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Rebecca Wylie - HIV Aids in Ghana

Ghana beach

I spent two months with Projects Abroad in Ghana between September and November 2012, and I can honestly say they were two of the best months of my life! My first month was spent doing the Human Rights placement in Accra, before going on to work in Korle Bu Teaching Hospital for the next month.

Placement

During the HIV/Aids placement, the volunteers spend 3 days a week (Monday, Wednesday and Friday) in the hospital, in my case at Korle Bu, and the other 2 days on medical outreach projects. The great thing about this system is the variety of work you get to experience. During my four weeks in the fevers unit at Korle Bu I got to see and do so much, including checking patient blood pressure, observing counseling sessions, testing blood samples in the lab and shadowing a doctor on his ward rounds.

Ghana travels

However, my favorite part of the week was always the days we spent on outreach in schools or orphanages. Although the wounds we were treating were only very small, it really felt like we were making a great contribution to the lives of these children, mostly due to the massive sea of smiles that greeted us every we time we arrived at a new school! We also had opportunities to give talks on HIV to the older students in some of the schools, which is a vital part of their education.

Ghana

What can I say about Ghana? It is a fantastic country with fantastic people, a fantastic energy and fantastic culture! This being my first trip to Africa, I really had no idea what to expect and although arrival at Kotoka International was a slightly different experience to my past airport experiences, my overriding emotion at that time was excitement - and Ghana certainly did not disappoint!

Ghana outreach work

Of course there were challenges (cold bucket showers being the one that initially springs to mind!), but one of the phrases I have probably said most, and believe most, since my return is “it’s amazing what you can get used to”, and it’s true! After a week or so, the thought of getting up to wash myself in cold water from a bucket didn’t bother me because I knew my day was going to be exciting! No day is ever the same in Ghana!

Volunteers get each weekend off which gives you the opportunity to travel and explore Ghana. While the traveling bit can sometimes be challenging, the exploring will no doubt make it worth your while. Ghana has some absolutely beautiful beaches (with warm water!) which suited me down to the ground - the beaches at Beyin (Western region) and Kokrobite (just west of Accra) were my favorites. However, if you prefer something a little more pulsating or cultural, there are mountains to climb, waterfalls to swim in, monkeys to play with (all Volta region) and colonial castles to visit (Cape Coast and Elmina - Central region).

And of course Accra itself, being the capital city, has plenty to offer. A trip to the markets is definitely an experience - whether you visit Makola market or the Arts Centre, you’re guaranteed to get a ‘guided tour’/pulled between each stall by the merchants. At night time, there is always somewhere to go where you are bound to meet other volunteers - Ryan’s Irish pub in Osu is a must on a Thursday night, with Happy Hour running from 7-9. And if you’re looking for some home comforts there are plenty of restaurants, especially in Osu, that serve some pretty good Western food.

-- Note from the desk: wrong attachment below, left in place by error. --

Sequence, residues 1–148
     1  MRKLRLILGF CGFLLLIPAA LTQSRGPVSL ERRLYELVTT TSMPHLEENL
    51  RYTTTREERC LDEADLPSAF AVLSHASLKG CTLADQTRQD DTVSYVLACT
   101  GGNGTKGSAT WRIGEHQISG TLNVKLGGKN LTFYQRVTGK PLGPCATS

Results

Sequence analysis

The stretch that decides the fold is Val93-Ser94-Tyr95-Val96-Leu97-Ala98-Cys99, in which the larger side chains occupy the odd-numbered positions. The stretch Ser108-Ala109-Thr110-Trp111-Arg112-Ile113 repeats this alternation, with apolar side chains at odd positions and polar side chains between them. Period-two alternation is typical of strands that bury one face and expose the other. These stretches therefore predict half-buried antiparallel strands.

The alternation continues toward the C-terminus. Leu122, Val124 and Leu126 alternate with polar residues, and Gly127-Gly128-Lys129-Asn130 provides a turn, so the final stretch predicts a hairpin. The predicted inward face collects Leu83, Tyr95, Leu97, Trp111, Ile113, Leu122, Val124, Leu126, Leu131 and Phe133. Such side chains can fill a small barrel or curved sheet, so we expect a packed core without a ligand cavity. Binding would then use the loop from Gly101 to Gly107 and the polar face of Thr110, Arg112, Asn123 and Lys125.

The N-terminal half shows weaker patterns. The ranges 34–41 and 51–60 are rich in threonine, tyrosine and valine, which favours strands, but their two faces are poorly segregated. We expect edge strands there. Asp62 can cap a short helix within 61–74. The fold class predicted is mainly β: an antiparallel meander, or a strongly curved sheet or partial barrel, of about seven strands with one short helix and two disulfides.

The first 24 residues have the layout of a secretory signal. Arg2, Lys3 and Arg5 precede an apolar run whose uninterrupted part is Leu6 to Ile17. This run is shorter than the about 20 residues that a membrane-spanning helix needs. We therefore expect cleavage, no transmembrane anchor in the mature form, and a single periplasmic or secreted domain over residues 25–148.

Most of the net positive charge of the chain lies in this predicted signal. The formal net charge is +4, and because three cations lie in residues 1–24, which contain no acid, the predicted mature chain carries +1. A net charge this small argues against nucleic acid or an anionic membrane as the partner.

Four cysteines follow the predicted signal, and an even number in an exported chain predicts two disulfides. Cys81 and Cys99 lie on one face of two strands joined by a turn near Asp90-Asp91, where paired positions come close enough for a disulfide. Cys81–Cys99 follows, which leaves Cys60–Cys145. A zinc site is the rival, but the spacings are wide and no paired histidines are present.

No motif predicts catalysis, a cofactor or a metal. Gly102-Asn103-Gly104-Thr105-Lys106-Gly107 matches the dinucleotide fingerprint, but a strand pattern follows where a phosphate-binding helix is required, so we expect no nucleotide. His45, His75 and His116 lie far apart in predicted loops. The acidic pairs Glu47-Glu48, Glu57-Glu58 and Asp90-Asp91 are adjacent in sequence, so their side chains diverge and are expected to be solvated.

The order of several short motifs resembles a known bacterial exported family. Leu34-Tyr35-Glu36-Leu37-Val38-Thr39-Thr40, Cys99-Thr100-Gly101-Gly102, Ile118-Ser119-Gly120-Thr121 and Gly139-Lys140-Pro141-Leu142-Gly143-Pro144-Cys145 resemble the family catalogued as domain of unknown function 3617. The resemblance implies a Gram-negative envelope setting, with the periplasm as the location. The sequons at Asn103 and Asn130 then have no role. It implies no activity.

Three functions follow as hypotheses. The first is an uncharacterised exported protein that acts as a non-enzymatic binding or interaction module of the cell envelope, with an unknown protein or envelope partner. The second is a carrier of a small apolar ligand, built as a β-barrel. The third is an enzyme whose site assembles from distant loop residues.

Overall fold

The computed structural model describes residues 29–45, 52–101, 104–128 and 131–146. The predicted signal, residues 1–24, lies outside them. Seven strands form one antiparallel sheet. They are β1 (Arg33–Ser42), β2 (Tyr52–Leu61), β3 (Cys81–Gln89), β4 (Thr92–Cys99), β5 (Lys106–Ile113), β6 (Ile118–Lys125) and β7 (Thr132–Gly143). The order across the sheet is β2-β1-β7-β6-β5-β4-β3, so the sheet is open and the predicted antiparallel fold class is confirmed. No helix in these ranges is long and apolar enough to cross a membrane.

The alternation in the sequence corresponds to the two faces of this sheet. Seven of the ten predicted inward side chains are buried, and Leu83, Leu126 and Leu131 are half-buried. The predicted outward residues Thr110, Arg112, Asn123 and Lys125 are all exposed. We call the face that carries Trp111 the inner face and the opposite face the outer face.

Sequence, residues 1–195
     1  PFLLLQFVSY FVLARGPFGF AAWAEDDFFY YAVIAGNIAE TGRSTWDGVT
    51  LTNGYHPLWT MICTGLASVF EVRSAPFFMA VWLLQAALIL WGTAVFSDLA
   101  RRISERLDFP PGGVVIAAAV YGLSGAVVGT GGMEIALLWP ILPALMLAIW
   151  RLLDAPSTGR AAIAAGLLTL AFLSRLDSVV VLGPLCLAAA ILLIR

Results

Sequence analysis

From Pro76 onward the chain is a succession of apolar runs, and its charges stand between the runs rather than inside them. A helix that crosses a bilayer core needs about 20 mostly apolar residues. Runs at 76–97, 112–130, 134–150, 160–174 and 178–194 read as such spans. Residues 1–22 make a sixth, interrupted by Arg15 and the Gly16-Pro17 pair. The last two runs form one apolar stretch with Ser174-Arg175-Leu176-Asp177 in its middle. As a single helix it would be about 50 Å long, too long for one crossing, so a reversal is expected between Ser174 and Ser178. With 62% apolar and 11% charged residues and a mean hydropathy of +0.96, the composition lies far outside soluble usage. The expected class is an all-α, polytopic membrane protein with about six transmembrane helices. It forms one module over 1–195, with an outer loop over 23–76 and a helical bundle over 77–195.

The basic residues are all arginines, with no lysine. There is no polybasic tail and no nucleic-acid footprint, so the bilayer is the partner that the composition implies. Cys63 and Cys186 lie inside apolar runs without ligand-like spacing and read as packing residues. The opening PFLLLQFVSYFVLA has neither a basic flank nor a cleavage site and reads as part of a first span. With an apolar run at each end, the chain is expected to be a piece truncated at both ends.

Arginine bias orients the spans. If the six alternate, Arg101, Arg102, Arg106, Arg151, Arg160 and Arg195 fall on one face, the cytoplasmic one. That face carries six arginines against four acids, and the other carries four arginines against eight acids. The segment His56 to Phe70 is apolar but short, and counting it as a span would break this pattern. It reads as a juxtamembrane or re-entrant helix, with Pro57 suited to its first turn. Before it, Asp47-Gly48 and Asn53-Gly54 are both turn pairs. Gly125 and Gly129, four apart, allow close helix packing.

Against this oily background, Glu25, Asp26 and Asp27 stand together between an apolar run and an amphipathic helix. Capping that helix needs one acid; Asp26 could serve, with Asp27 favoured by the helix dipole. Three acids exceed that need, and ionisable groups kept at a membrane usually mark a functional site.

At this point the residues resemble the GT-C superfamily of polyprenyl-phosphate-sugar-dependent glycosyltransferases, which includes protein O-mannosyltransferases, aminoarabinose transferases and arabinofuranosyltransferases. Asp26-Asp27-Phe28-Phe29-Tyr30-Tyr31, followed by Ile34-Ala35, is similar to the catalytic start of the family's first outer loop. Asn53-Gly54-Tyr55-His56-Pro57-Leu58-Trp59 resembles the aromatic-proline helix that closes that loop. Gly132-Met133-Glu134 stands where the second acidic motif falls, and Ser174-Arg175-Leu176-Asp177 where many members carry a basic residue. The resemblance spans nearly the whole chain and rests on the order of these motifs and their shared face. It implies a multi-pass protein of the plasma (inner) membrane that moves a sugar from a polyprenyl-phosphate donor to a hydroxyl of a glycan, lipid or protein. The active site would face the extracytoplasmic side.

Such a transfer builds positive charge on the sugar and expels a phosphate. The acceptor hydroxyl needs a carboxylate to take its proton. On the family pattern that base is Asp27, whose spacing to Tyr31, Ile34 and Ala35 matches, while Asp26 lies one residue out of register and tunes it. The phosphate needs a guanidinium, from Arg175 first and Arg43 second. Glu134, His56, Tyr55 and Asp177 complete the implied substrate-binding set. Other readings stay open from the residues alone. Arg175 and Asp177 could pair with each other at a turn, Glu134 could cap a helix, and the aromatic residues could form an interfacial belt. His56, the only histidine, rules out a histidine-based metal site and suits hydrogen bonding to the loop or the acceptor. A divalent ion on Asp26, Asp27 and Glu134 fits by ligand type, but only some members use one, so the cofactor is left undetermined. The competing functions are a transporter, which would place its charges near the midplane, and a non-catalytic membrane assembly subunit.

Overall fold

Memories

Volunteering in Ghana

My time in Ghana has given me a lifetime of amazing memories and every time I reflect on my trip, I can’t help but smile. One of my favorite moments was walking into a primary school in Old Fadama, the biggest slum in Accra, and the surge of children, all with massive smiles, rushing to shake our hands.

Aside from the amazing children I met, public transport also made a big contribution to my ‘funny-memory bank’. I have a new found appreciation for traffic lights, road lanes and a general highway code since coming home; there was also one trip where I had a cage of chickens pecking at my feet from under my seat on the Ghanaian equivalent of a bus, known as a ‘tro-tro’. Just to clarify, I hate birds. And of course the Ghanaian people, who are all (well almost all) very friendly and welcoming, have given me so many great moments to reflect on.

I could talk forever about my highlights, which in reality is the majority of my trip, but my final mention has to go to the other volunteers. The people I met and worked with in Ghana were some of the most amazing people I have ever met. I have so many new friends from across the world that I know I will be friends with for years to come (meaning more traveling!) and my trip would have been so different without them all!

I could not more highly recommend Ghana - it has so much to offer and so few people know about it, which in some ways makes it more special. Whatever project you decide to choose, you are guaranteed to have the experience of a lifetime! My time there has put Ghana, and the African continent as a whole, firmly in my heart and I cannot wait to go back and explore it more!

Rebecca Wylie

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